The Ugly Secret Why Tuition Costs a Fortune

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In
times of economic slowdown, prices usually fall. Is your home worth
as much as it was two years ago? As much as the mortgage you have
on it? (For your sake, I hope so.) In major cities rents are falling,
and shoppers are skipping organic groceries in favor of mongo-sized
discount produce from Price Club. There’s just one sector of
the economy that’s bizarrely insulated from reality: Academia.

Tuition,
room and board at Sarah Lawrence College just hit $53,166 per year.
That’s like buying a C-Class Mercedes every year … except
you never get the car. Other colleges are comparable, with even
state school tuition rising to levels some parents find impossible.
Why hasn’t reality had its revenge?

There are good
reasons why we try to preserve college life from the logic of the
market. There’s no clear bottom-line benefit to teaching Shakespeare
plays, but we still want professors doing it. Universities in the
West were invented by monks in the Middle Ages, and at their best
they still serve as a cloistered refuge from the grim necessities
of life – offering students not just a degree that’s valued
in the marketplace, but a chance to broaden their interests and
deepen their souls, to gain a solid grounding in the fundamentals
that made our civilization, and explore all life’s possibilities
before settling down to a life of working to earn their bread.

Yeah, that’s
the theory. But what if universities began to neglect this basic
charge, and instead turned into featherbedding, unionized factories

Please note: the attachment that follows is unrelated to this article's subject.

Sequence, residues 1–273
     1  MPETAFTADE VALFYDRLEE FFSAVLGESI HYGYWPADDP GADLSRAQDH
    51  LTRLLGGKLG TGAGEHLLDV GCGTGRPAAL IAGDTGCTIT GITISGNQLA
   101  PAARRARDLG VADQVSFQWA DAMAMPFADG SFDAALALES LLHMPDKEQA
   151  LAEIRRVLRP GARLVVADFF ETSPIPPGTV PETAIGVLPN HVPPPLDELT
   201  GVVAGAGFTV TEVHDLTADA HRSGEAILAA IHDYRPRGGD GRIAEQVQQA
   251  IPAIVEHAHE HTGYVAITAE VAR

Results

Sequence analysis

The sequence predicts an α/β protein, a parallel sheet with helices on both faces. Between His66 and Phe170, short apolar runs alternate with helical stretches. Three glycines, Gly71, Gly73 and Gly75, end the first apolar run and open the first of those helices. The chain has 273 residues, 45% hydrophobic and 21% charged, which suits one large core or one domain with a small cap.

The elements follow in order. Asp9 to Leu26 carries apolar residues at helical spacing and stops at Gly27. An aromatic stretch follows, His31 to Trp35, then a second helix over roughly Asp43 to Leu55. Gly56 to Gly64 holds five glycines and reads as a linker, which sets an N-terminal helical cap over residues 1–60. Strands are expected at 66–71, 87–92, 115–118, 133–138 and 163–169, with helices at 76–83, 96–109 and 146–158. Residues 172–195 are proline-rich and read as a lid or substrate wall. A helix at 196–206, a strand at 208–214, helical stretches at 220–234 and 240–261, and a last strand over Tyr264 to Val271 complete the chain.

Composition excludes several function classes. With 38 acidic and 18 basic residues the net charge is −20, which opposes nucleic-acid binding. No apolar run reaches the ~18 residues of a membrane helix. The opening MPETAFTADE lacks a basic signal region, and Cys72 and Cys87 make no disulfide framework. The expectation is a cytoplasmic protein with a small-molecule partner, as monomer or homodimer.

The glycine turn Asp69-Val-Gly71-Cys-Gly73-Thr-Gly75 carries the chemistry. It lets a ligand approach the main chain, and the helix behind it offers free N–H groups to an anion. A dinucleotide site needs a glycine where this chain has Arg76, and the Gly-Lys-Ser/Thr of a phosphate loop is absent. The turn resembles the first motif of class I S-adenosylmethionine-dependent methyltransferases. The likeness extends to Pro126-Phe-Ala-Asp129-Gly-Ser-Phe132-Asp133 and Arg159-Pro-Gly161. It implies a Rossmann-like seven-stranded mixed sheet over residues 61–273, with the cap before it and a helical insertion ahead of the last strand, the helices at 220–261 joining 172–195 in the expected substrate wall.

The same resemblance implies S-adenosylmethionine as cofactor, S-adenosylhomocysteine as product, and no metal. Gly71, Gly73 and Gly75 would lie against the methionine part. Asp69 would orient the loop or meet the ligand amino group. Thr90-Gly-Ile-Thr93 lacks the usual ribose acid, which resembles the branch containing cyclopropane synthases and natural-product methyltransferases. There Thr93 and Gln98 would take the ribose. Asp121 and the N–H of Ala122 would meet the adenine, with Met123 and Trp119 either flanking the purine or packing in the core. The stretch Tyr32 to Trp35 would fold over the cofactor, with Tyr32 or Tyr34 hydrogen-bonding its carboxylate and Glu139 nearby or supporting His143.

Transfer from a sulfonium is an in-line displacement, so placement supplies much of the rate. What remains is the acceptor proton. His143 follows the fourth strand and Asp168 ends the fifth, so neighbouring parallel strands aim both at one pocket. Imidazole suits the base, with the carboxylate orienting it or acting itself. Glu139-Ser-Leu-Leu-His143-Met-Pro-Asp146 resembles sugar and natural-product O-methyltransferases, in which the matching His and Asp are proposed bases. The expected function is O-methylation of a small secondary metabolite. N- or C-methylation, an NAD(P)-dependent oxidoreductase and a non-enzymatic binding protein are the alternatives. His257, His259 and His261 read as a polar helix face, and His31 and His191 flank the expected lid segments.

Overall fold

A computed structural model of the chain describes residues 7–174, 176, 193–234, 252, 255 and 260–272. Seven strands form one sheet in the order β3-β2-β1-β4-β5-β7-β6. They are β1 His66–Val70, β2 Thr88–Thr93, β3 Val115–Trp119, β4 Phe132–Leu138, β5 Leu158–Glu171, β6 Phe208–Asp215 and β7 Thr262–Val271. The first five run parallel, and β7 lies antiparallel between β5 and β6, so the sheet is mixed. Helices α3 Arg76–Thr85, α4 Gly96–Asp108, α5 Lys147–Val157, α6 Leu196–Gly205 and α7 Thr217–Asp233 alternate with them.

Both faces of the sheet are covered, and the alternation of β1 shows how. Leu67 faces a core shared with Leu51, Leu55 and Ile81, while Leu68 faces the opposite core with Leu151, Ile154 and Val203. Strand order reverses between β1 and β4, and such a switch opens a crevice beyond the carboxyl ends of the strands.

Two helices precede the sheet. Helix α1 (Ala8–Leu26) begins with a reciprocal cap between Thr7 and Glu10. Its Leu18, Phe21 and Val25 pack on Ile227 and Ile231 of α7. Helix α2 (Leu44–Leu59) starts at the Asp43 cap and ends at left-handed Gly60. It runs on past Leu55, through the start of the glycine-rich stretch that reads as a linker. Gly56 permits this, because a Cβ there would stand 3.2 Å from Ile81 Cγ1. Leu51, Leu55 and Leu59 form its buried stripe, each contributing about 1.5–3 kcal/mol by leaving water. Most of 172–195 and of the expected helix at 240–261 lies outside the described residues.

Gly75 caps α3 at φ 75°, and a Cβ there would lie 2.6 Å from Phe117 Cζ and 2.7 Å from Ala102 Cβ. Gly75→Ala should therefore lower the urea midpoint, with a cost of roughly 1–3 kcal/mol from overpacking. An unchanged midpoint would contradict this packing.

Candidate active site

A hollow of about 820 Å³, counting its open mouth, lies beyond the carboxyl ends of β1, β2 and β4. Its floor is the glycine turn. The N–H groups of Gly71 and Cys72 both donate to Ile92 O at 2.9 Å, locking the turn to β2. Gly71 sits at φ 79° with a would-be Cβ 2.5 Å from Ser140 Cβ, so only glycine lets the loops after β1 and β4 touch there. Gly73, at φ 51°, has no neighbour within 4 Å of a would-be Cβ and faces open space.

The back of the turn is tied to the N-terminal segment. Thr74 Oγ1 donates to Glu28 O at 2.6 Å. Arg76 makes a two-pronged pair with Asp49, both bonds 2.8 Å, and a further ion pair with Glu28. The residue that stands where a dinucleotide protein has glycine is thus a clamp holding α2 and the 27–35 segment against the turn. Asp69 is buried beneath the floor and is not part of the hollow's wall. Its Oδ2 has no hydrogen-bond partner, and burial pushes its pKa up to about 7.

that existed to protect their overpaid workers – who were impossible
to fire? What if these factories botched the items customers paid
for, and spent their energy generating oddball inventions no one
wanted?

That is exactly
what happened in academia over the past 30 years, according to Emory
University professor Mark Bauerlain, who explores the open, ugly
secret that most professors are paid based not on the quality (or
even quantity) of their teaching, but rather on the volume of scholarly
articles and books they can produce.

Bauerlain’s
American Enterprise Institute paper, “Professors on the Production
Line, Students On Their Own,” reveals the following: Laboring
on the age-old axiom “publish-or-perish,” thousands of
professors, lecturers and graduate students are busy producing dissertations,
books, essays and reviews. Over the past five decades, their collective
productivity has risen from 13,000 to 72,000 publications per year.
But the audience for language and literature scholarship has diminished,
with unit sales for books now hovering around 300.

At the same
time, the degree of interaction between teachers and students has
declined. While 43 percent of two-year public college students and
29 percent of four-year public college students require remedial
course work, costing $2 billion annually, one national survey reports
that 37 percent of first-year arts/humanities students “never”
discuss course readings with teachers outside of class, and 41 percent
only do so “sometimes.”

Read
the rest of the article

September
2, 2009

Dr.
Zmirak is editor-in-chief of Choosing
the Right College
and Collegeguide.org.
He is author of Wilhelm
Röpke: Swiss Localist, Global Economist
. He writes frequently
on economics, politics, popular culture and theology.

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